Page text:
Area CEOs and the selected software vendor Committed. • Provide industry scan documents to show reasoning for decisions to-date.06 22/01/2011 Page 8 of 9 . • Invite as observer. For example. Stakeholder Ernie Current Level Critical Neutral Helen Critical Committed Critical Committed Bill Peter Desirable Disagrees Critical Committed Ian Niles Desirable Supportive Desirable Committed Bill Byron Nonessential Neutral Nonessential Neutral Pete Stakeholder Management approach and Plan Version 0. Invite to weekly project briefings. The level of effort expended on each stakeholder should be enough to move them to the desired state. • Arrange vendor site visit for January.The main purpose of these activities is to remove the obstacles and influence stakeholders towards the desired state. Deputy Director-General. • Ask for commitment to fill Acting Chair role when Helen is away. • Suggest coffee after next status meeting. • Attends status and steering committee. • Weekly meeting one-on-one. If it is not possible to obtain their commitment then it becomes necessary to reduce the project’s dependence on their contribution (move them from critical or desirable to non-essential). • Fortnightly one-on-one meetings to discuss project status. whilst it is preferential to have the Director-General. • Understand power base. and then maintain that state throughout the project. actively promote the project) rather than ignore the project (neutral). Increasing and maintaining the contribution of stakeholders that are already in agreement or committed also increases the likelihood of a successful project. a social. • Understand role and duration. Special care needs to be taken when dealing with critical and desirable stakeholders that are in disagreement. The first step in dealing with disagreement should always be that of listening. • Discuss role of Union Consultative Committee in future planning sessions. • Hold informal Phase 2 discussions when Paul is in town. The following table may be used to identify the actions that need to be taken to increase stakeholders’ commitment to the project Stakeholder Management Plan Target Primary Actions Level Relationship Critical Committed Bill • Weekly Meeting one-on-one. • Increase one-on-one meetings from monthly to fortnightly. • Ian to meet monthly prior to steering comm. rather than necessarily all the way to the committed level. • Discuss inclusion in weekly status meetings (confirm with Helen first). understanding and acknowledging issues and concerns. clinical or related business unit leader could be encouraged to be supportive (say.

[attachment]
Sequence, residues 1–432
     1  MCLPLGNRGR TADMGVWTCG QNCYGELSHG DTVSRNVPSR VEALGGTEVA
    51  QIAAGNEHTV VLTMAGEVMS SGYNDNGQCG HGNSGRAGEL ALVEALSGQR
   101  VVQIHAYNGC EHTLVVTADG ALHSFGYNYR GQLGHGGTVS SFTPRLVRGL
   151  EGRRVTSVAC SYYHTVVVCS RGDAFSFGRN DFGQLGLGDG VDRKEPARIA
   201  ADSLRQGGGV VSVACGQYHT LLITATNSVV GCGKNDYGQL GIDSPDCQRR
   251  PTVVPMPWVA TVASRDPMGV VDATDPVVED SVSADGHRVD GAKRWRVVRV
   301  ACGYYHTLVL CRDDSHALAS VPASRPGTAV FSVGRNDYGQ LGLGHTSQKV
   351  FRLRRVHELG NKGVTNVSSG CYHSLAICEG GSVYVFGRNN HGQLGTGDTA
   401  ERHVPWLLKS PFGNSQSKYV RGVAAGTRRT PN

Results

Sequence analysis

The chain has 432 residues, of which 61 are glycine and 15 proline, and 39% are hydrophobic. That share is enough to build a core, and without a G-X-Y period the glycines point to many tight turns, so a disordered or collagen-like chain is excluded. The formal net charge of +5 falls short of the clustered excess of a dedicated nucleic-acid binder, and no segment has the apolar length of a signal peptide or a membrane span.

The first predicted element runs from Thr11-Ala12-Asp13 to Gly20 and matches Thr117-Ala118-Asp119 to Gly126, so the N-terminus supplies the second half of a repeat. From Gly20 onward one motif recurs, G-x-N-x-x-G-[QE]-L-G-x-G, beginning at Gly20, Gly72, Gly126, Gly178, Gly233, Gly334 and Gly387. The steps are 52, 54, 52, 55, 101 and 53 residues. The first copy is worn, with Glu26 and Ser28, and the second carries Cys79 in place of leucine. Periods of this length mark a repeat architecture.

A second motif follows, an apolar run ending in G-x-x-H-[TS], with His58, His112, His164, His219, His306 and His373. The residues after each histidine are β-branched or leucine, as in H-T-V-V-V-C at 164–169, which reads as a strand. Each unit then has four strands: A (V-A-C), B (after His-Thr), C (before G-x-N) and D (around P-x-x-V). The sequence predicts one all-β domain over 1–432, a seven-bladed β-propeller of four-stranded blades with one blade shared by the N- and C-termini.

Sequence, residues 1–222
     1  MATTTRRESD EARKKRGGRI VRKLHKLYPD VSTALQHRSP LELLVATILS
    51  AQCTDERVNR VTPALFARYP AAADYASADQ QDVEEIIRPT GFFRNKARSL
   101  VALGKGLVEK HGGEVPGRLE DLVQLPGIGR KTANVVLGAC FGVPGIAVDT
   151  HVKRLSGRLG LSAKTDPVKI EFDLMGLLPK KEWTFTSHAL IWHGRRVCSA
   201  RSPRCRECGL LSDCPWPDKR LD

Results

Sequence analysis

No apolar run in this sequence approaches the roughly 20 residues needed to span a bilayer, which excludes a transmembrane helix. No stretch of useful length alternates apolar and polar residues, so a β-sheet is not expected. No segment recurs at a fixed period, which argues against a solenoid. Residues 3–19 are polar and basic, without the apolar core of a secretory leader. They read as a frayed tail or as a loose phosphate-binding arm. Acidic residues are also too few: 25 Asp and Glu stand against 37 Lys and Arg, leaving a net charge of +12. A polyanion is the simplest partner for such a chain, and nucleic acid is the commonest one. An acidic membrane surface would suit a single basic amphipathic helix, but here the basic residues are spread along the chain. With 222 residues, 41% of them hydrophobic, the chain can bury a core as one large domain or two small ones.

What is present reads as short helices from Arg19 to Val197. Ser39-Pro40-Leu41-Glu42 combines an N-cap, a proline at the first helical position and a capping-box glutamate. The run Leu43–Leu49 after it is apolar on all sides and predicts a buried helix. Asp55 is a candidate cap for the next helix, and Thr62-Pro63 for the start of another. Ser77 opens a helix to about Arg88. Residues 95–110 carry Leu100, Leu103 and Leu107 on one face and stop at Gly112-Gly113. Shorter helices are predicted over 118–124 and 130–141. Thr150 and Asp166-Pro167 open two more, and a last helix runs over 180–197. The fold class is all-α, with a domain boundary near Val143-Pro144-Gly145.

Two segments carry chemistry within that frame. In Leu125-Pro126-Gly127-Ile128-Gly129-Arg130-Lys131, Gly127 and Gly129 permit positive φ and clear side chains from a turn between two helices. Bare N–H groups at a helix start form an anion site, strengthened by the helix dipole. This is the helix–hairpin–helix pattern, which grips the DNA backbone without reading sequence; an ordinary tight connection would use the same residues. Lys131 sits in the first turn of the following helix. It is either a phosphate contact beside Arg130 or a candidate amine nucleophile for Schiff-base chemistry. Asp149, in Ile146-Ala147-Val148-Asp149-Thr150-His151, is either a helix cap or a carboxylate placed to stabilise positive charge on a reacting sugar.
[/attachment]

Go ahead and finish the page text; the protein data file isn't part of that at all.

where they are positioned in terms of their commitment and influence and what action needs to be taken in relation to them. Step 5 – Monitor the outcomes and take corrective actions The purpose of this step is to periodically re-assess the position of each stakeholder to determine what further action (if any) is required to keep him or her committed and supportive of the project. Stakeholder Management approach and Plan Version 0. A similar review of existing stakeholders should also be conducted to determine whether any variations to the stakeholder management plan is required. Obtaining information from stakeholders that will be relevant to the project. Involving stakeholders in all key decisions about the project. and may include:     Communicating with stakeholders and keeping them informed of matters that are likely to be of interest to them. This essentially requires a review of steps 1 to 4 to determine whether there are any new stakeholders.06 22/01/2011 Page 9 of 9 . Managing the expectations of stakeholders.Step 4 – Action the plan This step simply puts the planned activities into action.